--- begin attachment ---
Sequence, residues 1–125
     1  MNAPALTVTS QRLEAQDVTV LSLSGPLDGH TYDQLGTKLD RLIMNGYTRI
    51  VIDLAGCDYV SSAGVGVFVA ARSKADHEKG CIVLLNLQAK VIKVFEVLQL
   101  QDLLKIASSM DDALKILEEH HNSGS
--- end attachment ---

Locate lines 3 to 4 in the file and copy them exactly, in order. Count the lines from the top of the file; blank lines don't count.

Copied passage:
    51  VIDLAGCDYV SSAGVGVFVA ARSKADHEKG CIVLLNLQAK VIKVFEVLQL
   101  QDLLKIASSM DDALKILEEH HNSGS